On his plane trip to Manila Jan. 15, Pope Francis confirmed a rumour that has been circulating for many months — he is writing an encyclical on the environment.
The document has already been through three drafts, he said. Cardinal Peter Turkson, president of the Pontifical Council for Justice and Peace, is leading the team drafting the text and it has been reviewed by Vatican officials.
While the contents of the document are not yet public, commentators are already trying to set the stage for its reception, with positive and negative comments about it.
A global campaign is emerging among Catholic individuals and organizations concerned about climate change and protecting the environment. The Global Catholic Climate Movement went public Jan. 14, coinciding with the visit of Pope Francis to the Philippines. The movement includes nearly two dozen Catholic leaders and organizations in Africa, Asia, Australia, North and South America. American partners include the Franciscan Action Network, CatholicEcology.net, Catholic Rural Life, GreenFaith and the Leadership Conference of Women Religious.
The global campaign will connect people around the world to carry out programs rooted in Catholic teaching on the environment, said Allen Ottaro, co-founder and executive director of the Catholic Youth Network for Environmental Sustainability in Africa, based in Nairobi, Kenya. It is also meant to support the pope as he prepares his encyclical.
The organization plans to invite Catholics to fast and pray during Lent for solutions to climate change. Patrick Carolan, executive director of the U.S.-based Franciscan Action Network, told CNS a rolling fast is being planned, with Catholics in a different country each day centring their actions on the environment during Lent. One day will also be set aside for Catholics worldwide to fast and pray together.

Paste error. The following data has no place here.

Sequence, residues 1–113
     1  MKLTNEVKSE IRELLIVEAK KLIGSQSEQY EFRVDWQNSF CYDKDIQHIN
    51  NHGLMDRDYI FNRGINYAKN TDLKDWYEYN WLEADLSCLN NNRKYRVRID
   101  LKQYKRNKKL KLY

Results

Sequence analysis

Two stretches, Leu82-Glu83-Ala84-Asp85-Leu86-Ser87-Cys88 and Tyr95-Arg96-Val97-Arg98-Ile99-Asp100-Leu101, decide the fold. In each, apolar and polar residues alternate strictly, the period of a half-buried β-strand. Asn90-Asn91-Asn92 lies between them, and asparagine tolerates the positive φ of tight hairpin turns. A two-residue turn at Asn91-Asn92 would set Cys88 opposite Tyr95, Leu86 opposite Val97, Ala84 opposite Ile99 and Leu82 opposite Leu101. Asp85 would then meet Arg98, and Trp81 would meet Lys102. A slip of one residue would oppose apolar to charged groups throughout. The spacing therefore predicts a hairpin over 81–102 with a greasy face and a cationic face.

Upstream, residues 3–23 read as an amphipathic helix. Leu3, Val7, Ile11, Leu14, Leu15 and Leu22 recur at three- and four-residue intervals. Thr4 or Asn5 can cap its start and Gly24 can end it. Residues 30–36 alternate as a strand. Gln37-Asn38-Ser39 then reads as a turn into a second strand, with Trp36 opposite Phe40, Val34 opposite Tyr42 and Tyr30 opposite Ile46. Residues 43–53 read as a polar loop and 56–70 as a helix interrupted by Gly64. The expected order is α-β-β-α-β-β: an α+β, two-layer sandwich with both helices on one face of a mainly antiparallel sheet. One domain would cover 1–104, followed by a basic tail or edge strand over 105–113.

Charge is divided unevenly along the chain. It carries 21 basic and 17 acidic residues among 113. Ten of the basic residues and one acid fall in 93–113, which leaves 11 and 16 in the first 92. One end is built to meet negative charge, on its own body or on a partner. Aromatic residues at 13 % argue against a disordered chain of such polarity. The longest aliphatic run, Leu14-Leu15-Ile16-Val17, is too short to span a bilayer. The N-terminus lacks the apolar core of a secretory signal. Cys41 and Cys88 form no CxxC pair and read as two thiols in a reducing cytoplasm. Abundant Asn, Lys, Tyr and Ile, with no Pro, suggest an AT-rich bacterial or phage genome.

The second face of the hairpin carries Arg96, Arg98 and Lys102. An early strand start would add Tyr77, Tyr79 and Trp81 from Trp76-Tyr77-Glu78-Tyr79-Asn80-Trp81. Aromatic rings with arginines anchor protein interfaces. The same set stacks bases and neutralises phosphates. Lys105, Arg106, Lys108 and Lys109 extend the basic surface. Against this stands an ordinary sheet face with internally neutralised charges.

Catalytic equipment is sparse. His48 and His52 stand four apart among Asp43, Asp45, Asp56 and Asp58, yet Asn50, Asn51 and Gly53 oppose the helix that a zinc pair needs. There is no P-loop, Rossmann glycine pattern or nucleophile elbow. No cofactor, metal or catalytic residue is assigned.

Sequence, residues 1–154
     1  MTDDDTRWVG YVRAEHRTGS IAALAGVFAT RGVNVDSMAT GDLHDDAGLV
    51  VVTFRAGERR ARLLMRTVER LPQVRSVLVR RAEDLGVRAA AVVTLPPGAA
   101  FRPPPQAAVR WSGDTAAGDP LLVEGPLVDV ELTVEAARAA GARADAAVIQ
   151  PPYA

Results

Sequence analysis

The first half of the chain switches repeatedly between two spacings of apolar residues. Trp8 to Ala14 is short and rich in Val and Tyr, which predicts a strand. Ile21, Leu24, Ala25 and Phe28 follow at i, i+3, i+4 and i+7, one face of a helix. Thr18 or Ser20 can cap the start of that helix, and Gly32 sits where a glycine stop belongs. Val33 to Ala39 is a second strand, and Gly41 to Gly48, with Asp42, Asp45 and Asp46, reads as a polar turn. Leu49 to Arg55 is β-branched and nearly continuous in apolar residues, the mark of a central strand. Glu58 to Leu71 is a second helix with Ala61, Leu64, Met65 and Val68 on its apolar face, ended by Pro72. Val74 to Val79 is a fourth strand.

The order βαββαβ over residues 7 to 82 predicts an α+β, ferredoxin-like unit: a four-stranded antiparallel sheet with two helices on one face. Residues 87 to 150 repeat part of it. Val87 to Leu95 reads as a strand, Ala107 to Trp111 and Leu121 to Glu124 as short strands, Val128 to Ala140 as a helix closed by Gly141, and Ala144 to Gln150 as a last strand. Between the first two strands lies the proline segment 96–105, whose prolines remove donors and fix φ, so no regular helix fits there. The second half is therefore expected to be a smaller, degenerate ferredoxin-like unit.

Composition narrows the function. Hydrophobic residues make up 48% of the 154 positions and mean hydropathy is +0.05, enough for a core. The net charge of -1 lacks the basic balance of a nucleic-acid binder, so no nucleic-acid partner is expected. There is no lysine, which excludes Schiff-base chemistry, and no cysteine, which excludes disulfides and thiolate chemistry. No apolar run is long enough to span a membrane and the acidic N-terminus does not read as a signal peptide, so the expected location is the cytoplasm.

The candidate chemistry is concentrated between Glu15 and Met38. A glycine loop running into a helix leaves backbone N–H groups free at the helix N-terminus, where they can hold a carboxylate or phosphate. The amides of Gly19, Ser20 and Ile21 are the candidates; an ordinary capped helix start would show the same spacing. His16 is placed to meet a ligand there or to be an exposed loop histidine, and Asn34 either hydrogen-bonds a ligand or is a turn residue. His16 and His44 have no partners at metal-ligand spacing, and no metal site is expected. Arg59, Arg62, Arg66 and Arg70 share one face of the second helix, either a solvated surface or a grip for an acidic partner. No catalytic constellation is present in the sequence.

Pablo Canziani, senior scientist at Argentina’s National Scientific and Technical Research Council, told Catholic News Service that Typhoon Haiyan, which devastated a wide swath of the central Philippines in November 2013, has been attributed to human-induced climate change. Canziani discussed technical climate change issues several times with Pope Francis when the pope was archbishop of Buenos Aires. He says the pope agrees that environmental issues and social development issues are two sides of the same coin.
NCR columnist Michael Sean Winters wrote in his Jan. 8 blog that Catholic conservatives are making an organized effort “to rebut in advance whatever Pope Francis might say in his forthcoming encyclical on the environment.”
He writes: “The right wing is clearly very nervous about the upcoming encyclical. . . . I would add that the libertarian, spread eagle capitalist right which calls Acton (Institute) its home is right to be worried about the issue of environmentalism because their variety of capitalism has precisely no solutions to problems of environmental degradation and has, in fact, been a large part of the problem.”
Bishop Donald Bolen of Saskatoon told a Dec. 6 ecumenical workshop in Saskatoon (PM, Jan. 14) that the 2003 Canadian Conference of Catholic Bishops’ pastoral letter, You Love All that Exists, raises three core questions: Why are environmental issues moral and faith issues? How do we reach parishes amongst division and indifference to environmental issues? and How do we speak hopefully?
Our Catholic tradition, he said, emphasizes human responsibility and care for the earth. He quoted Pope Benedict XVI, who said, “Every economic decision has a moral consequence.” Pope Francis says poor environmental practices are sinful.
Various political meetings have addressed climate change and environmental issues. No meaningful agreements have been reached. A 2013 UN summit on climate change in Warsaw, for example, was a disappointment.
We will wait and see what impact a religious document can make. The pope will address how present practices affect both the poor and future generations — something that should concern all of us.